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Interview: Pamela Hute

1. How does being based in Paris influence your music?
Paris is a lively city, I’ve always lived there so I’m not sure it really influences me. My music is about humans and relationships, my experiences, the lives of people I meet, characters in books or movies… so the environment is not necessarily central in my writing. However, Paris is so bloody beautiful and as an artist you can’t really get over such beauty; it’s definitely inspiring.
2. When did you realize that you wanted to go the solo route? How scary was that for you?
I went solo 15 years ago and even in my first band we were playing my songs. That was really a long time ago and we only did a tape or two, it was really a kid’s band!!!
I’m the one behind the songs, it’s my thing. I enjoy having friends backing me up on stage; it’s more than just a solo artist and a backing band. We all work for the songs to make them better.
The solo thing is not really scary. It can be a lot of pressure at times, especially at the beginning of a career when you’re younger, learning and don’t really know how to deal with people and things. Now that I have more experience, I know what I’m trying to achieve. It’s a lot of work but it’s my passion so I really can’t complain.
3. What’s the biggest difference from working with other people (The Mashed Potatoes) to working solo?
You make a bunch of concessions when you’re sharing everything with a band, your bandmates tell you whether this song is good enough or not. I’m not really made for this. Not that I don’t like criticism, if a song doesn’t work and nobody likes to play it I have no problem trashing it. I think it’s good to have a leader otherwise you never get things done. I also have to deal with the doubts alone but that’s part of the game. I write the songs and when we arrange with the band, we focus on the songs only. There is not ego or real concession. Everybody knows when the song is getting better or getting worse. My job is to be sure we keep the initial intention and spirit so it fits my artistic guidelines. It’s not very complicated to do.
4. You recorded your latest album in several different cities around the world. What was that experience like for you?
I mostly recorded in the south of France but yes, I did some preproduction in Paris and wrote songs in NY too. As long as I feel at home somewhere, it’s easy to write and record. I don’t like studios that much, except when it comes to mixing or mastering. This is where I believe it’s really necessary to have a solid technical environment.
I did a bunch of traveling when I wrote the record, it was a transition time in my life and I needed to wander in various places. I believe it was inspiring, or maybe I was just running away from somewhere. I don’t know. But there is a road trip feel to this record, for sure.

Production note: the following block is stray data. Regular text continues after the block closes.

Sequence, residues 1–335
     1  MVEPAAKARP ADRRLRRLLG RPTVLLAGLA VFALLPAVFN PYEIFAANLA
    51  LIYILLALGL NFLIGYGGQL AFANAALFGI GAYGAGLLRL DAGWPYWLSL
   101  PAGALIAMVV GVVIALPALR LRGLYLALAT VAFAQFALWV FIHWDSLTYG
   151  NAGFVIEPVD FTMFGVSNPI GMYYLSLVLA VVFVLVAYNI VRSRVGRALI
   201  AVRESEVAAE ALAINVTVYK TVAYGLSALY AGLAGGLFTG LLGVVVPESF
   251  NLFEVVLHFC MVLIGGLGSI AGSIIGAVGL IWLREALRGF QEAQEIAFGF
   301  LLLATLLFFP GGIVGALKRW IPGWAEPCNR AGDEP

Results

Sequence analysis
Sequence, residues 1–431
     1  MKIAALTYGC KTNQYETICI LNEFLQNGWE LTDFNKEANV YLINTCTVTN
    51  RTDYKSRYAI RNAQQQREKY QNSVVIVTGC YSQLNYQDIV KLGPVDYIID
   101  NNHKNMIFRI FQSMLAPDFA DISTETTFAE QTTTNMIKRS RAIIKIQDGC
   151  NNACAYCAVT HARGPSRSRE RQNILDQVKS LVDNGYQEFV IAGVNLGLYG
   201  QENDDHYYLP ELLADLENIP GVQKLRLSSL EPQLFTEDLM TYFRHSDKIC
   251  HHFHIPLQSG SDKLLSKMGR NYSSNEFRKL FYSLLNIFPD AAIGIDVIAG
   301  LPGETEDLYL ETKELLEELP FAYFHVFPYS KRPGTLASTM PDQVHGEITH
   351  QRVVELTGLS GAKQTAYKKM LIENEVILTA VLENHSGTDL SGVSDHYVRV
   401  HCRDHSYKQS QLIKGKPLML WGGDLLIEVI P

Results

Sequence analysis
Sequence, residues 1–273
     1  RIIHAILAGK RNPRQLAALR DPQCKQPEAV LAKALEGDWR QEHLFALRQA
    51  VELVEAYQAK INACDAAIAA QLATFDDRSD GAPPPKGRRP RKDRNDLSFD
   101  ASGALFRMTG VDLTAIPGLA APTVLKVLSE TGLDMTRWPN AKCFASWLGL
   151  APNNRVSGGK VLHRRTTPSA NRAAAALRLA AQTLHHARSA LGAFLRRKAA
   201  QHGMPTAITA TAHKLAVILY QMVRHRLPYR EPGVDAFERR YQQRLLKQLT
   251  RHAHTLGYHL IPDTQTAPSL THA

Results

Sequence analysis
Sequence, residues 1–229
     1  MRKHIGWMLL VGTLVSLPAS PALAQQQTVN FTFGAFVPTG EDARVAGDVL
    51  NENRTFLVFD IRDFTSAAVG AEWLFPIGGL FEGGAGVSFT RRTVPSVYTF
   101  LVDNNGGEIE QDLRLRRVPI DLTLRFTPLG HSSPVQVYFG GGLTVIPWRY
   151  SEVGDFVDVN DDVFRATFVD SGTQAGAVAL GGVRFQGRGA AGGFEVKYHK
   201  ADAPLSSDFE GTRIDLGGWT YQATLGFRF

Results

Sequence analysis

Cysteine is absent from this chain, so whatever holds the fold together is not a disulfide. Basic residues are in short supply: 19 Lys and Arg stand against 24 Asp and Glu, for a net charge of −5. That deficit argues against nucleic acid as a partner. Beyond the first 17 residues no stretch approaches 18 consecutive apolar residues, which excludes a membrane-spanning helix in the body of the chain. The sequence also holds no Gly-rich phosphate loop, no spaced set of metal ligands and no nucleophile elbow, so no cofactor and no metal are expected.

5. What is the most challenging and most rewarding parts of having your own record label?
It’s still very new. I don’t think about challenges so much at this point but it’s very exciting.
Working for other bands and making them happy gives you a lot of energy for your own projects. It may sound a little cheesy, but helping others makes you look at everything differently. It’s a small label, we release records in very small quantities, it’s all DIY, but it makes a lot of sense. We know exactly how we are doing things and why. When people buy our CDs or tapes or mention it on a blog, it’s extremely rewarding.
6.You are also a producer. What made you want to produce music?
I mostly produce my own records, although this last one was co produced by Jay Pellicci. I didn’t really had the opportunity to work with other artists on a full record though.
I think I have a good indie rock culture and a certain vision of how a song can be made. In my opinion, producing is helping the artist make the message clearer, that’s all. I like the idea that you can guide an artist and give him tools to express himself better. Some don’t need that, but some do. It’s a fascinating job.
7. You are an avid guitar collector. What is your favorite one you own?
Haha, difficult question 🙂
I have an Epiphone Casinon from 1964, and for some reason I’m convinced one of the Beatles used to own it. I have no proof, but I’m sure anyway.
That’s my fav, naturally!
8. You are also a record collector. What is the first and last vinyl you bought?
First Vinyl I ever bought was The Beatles Revolver and last one I just received today was Ultimate Painting’s latest LP, Dusk
9. What has been your favorite album or EP release of 2016?
That’s a really hard question. I bought a bunch of records in 2016…
It’s not an EP or a full length, but the Grandaddy single that came out a few weeks ago is really awesome. I love this band so much and was so happy when I heard they were putting out some new stuff.
The new Cymbals Eat Guitars is pretty powerful too. Also, although it’s pretty far from what I usually listen to I have to say the new Bon Iver is absolutely mind blowing.
10. What is next for you?
Well, the end of the year is going to busy preparing the release of third LP Highline due February 24, and hopefully start touring early 2017.
I have a lot of work with the bands on the label too, trying to develop that as much as I can.

About Rachel Freitas

retro music enthusiast. Dreamer. Kind of odd. Writer

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